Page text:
Effective July 1, pregnant women who are drug dependent will be jailed, according to a new legislation in Tennessee, USA Today reported.
Although Tennessee Gov. Bill Haslam decision was unpopular, the bill was signed into law April 29 with the intention of stopping mothers from harming their unborn child.
Tennessee made history by becoming the first state in the U.S. to jail pregnant women using illegal drugs and failing to seek treatment.
"The intent of this bill is to give law enforcement and district attorney a tool to address illicit drug use among pregnant women through treatment programs," Haslam was quoted as saying in a statement.
The piece of legislation according to Haslam, was signed after a thorough deliberation and consultation with substance abuse experts, mental health and health enforcement officials.
However, reproductive organizations and other civil groups protested the bill saying it would discourage pregnant women from seeking treatment for their addiction. Haslam said the new law would be monitored and the sunset provision of delaying punishment until 2016 will give the government the chance to look into the impacts of the law.
Tennessee's decision was made after the alarming number of babies are born affected by their mother's drug use, commonly suffering from neonatal abstinence syndrome (NAS).
NAS is a condition experienced by infants whose mothers are addicted to illegal or prescription drugs. Pregnant women taking opiates or narcotic such as heroine, methadone, codeine, marijuana, amphetamines among others are likely pass on the drug dependency to their child. NAS is a withdrawal syndrome occurring in infants and the symptoms, which can appear as early as a day after he is born, are diarrhea, irritability, slow weight gain, vomiting, fever, and trembling.
Tennessee officials, in criminalizing drug dependent drug women, argued that the new law will, on the contrary, encourage mothers to get into treatment to ensure safety of the newborn and the mother.
A research conducted by the Journal of American Medical Association showed that the number of newborn baby with NAS is estimated at 13,539 in 2009. The number grew since 2000, meaning pregnant with drug problems have increased tremendously. According to the Substance Abuse and Mental Health Administration, results from the 2012 Survey on Drug use and Health showed pregnant women aged 15 to 44 years old, or close to six percent, areillegal drug users. The rate was lower compared to the women in the same age group that are not pregnant.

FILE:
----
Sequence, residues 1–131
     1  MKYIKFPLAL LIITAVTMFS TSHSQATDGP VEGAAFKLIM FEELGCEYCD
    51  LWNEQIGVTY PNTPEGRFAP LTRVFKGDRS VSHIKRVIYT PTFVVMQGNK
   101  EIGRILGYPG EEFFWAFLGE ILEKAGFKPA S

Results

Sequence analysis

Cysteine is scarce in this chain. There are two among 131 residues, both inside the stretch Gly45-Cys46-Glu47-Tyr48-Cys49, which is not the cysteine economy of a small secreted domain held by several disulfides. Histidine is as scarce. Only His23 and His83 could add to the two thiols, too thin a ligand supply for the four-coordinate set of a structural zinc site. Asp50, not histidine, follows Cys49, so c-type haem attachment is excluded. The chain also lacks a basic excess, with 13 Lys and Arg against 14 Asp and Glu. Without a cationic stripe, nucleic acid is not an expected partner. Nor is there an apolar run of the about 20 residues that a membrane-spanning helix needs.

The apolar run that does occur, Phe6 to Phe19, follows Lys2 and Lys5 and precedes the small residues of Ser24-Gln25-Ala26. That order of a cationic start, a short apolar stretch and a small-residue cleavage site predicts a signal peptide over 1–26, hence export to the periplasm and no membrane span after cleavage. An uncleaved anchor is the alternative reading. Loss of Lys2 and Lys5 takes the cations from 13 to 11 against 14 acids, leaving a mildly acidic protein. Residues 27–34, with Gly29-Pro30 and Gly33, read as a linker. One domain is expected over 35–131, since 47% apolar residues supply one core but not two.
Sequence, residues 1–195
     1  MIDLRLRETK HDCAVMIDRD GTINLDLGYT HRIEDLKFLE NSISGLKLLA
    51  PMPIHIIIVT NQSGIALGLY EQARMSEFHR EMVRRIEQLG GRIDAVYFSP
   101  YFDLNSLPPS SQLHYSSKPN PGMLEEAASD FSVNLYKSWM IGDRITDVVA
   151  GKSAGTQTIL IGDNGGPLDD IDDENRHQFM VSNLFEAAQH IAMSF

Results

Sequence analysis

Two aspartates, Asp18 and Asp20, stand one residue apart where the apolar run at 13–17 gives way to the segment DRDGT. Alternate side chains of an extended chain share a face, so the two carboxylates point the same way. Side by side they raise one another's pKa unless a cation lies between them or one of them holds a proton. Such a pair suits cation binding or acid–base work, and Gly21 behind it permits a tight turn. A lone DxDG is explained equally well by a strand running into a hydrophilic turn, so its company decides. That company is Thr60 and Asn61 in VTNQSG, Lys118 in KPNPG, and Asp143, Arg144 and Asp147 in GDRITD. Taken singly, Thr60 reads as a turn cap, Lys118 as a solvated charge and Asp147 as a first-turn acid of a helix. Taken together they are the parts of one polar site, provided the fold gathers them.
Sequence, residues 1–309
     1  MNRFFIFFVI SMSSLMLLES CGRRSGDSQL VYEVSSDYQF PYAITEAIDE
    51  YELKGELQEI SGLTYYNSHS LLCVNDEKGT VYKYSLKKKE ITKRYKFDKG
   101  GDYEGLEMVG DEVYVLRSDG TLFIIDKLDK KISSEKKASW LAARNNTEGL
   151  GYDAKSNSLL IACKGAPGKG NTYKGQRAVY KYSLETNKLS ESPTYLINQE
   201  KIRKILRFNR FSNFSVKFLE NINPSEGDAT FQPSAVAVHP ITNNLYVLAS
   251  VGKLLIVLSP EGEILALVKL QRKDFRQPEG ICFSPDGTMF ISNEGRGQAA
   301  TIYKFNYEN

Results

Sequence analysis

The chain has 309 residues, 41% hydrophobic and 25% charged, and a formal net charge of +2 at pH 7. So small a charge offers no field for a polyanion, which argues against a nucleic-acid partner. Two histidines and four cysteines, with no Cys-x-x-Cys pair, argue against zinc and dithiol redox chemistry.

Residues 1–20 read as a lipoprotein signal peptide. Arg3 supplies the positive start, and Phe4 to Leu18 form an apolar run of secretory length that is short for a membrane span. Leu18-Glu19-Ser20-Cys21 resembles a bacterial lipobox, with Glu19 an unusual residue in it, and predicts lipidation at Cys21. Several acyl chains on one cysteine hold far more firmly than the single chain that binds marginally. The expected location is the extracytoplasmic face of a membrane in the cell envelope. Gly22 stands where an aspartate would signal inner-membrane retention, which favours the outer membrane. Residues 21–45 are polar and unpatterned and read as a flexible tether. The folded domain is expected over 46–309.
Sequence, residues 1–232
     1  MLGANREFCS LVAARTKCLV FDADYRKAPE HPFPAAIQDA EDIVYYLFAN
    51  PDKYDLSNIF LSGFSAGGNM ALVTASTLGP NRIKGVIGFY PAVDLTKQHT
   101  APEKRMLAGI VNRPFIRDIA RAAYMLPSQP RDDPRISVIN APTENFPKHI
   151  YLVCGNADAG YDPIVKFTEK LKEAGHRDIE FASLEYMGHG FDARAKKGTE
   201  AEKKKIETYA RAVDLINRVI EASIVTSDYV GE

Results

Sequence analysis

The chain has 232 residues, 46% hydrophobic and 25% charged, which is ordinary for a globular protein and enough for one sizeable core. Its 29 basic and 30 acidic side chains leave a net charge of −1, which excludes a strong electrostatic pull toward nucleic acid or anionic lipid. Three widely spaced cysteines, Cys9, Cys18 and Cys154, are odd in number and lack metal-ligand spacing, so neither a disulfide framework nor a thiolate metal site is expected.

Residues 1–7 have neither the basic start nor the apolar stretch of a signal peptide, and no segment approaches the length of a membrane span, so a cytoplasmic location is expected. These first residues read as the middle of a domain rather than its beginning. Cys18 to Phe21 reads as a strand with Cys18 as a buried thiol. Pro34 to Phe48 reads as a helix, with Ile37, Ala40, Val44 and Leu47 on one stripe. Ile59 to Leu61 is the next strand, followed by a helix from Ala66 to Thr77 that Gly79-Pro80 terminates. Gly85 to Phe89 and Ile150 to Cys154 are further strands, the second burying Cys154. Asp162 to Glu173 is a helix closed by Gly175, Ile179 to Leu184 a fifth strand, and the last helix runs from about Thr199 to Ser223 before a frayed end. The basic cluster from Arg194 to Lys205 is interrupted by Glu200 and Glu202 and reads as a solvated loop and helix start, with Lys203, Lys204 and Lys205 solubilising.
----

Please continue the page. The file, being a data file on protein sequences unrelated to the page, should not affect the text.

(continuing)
Health officials have discouraged drug-dependent mothers from going cold turkey and instead are advised to seek treatment from dependency. Withdrawal from drugs without the proper medical route could lead to stillbirth, miscarriage, and fetal stress.
There are several prescribed anti-addiction drugs for pregnant women, most are not recommended due to dangers it could bring to the child.
According to a 2002 case study by National Center for Biotechnology Information, there is evidence to show that pregnant women dependent on opiates such as heroin can be managed through naltrexone implants. This case studies provide preliminary evidence that the pregnant heroin user can be managed by naltrexone implant without dangerous risk to the mother and her unborn child.
The case study further added that Naltrexone given orally to pregnant women proved to be not as effective as the implant. It said "following treatment with Naltrexone implant, remained heroin-free throughout their pregnancies." The study also indicated that the implant does not cause long-term adverse effect on the newborn and the mother.
Naltrexone is a form of medication that stops the effects of opioids such as heroin and morphine. Naltrexone was approved by the Food and Drug Administration for treatment of opioid addiction in 1984 and in 1995 it was approved for treatment of alcohol addiction. The implant removes the risk of the patient not taking the required dose daily. It helps stop patients from wanting to take opiatesThe implant is placed under the patient's skin and because it is time-released, patients cannot skip the medication. The likelihood of a relapse after takingnaltrexone implants is small, according to studies.
The program developed by BioCorx Inc. treats patients with a slow release dose that can last up to several months in many patients . The time-released implant gives the patient a higher success rate in treating drug dependence. BioCorx Inc. said that their naltrexone implant is "one of the only single-administration, long acting implants used in the United States." The company also launched a Life Coaching Program along with the technology.